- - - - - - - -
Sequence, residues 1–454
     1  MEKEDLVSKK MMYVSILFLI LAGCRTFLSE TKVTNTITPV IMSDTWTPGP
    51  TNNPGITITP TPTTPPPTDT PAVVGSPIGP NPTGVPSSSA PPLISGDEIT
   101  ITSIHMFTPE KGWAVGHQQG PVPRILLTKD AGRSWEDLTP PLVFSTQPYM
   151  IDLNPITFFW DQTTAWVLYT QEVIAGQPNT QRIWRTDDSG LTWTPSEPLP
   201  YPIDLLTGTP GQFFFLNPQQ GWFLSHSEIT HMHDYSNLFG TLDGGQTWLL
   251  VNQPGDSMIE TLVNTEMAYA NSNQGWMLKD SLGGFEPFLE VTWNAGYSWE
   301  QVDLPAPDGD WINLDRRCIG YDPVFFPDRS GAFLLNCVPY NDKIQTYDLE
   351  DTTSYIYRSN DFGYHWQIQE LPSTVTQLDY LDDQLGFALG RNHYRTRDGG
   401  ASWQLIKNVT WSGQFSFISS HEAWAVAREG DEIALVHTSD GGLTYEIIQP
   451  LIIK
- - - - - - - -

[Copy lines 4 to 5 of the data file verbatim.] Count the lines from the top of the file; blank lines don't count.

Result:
   101  ITSIHMFTPE KGWAVGHQQG PVPRILLTKD AGRSWEDLTP PLVFSTQPYM
   151  IDLNPITFFW DQTTAWVLYT QEVIAGQPNT QRIWRTDDSG LTWTPSEPLP